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PA Supreme Court Hears Arguments In Pittsburgh Police Residency Requirement Case

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The state Supreme Court heard arguments Tuesday in an appeal that could decide whether Pittsburgh police officers have to live in the city.

In 2012, the state legislature passed Act 195, which said a municipality may require officers to live in city limits. The previous statute said cities shall have a residency requirement.

A year later, Pittsburgh voters passed a referendum requiring residency.

The Fraternal Order of Police argued residency falls under the category of “working conditions” and is subject to collective bargaining.

“The legislature acted based on the FOP going to the legislature and asking for it to be changed … they changed it to ‘may,’” said FOP attorney Eric Stoltenberg. “They changed it to give us the right to bargain over it, because that’s what we asked them to do.”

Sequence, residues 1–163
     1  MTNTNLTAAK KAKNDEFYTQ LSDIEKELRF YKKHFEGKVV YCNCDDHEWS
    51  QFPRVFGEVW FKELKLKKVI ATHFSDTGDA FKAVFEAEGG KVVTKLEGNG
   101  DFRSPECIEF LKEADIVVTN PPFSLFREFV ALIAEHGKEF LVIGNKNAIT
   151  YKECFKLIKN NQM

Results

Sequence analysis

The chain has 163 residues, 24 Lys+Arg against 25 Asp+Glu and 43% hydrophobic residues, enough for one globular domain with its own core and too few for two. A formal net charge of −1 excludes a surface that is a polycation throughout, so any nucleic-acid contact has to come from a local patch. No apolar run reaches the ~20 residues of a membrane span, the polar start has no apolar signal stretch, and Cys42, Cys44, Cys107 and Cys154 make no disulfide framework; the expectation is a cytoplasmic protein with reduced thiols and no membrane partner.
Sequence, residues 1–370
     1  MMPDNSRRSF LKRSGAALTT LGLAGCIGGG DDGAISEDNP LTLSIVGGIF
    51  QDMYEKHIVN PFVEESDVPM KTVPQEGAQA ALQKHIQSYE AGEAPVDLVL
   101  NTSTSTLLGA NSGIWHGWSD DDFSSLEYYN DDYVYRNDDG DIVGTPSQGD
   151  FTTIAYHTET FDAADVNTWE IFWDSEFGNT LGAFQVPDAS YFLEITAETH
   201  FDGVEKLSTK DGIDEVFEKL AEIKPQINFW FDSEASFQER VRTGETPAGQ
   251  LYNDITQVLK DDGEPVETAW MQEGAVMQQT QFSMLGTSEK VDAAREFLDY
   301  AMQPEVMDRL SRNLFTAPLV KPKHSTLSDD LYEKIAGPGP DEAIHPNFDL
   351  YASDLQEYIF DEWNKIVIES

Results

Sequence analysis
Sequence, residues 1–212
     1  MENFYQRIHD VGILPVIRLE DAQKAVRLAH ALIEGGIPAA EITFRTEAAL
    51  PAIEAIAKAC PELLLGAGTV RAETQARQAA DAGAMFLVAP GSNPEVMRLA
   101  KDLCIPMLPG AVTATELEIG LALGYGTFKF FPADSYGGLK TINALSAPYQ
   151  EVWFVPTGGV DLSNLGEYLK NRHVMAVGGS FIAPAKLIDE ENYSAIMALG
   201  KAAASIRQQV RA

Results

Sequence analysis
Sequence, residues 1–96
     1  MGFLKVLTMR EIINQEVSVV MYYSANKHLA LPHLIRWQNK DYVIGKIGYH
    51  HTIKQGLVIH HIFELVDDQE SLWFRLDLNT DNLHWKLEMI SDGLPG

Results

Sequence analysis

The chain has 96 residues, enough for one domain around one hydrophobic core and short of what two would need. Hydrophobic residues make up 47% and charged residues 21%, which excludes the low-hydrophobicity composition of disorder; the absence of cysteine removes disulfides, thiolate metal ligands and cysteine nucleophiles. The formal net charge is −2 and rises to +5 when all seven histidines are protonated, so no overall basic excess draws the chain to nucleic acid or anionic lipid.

After the union & the city reached an impasse on the issue, an arbitrator in 2014 said officers should be able to live within 25 miles of downtown Pittsburgh. The city appealed that decision in common pleas court, which upheld the decision. A subsequent appeal in Commonwealth court led to a reversal of the decision.

A lawyer for the city argued the decision of an arbitrator shouldn’t preempt state law or the wishes of the voters.

“We feel very strongly that the electorate has spoken and should be defended,” said attorney Clifford Levine. “We have great respect for the police, but we think that 80 percent of the electorate was correct in having every employee live in the city.”

Until the state Supreme Court makes its ruling, officers are required to live within city limits.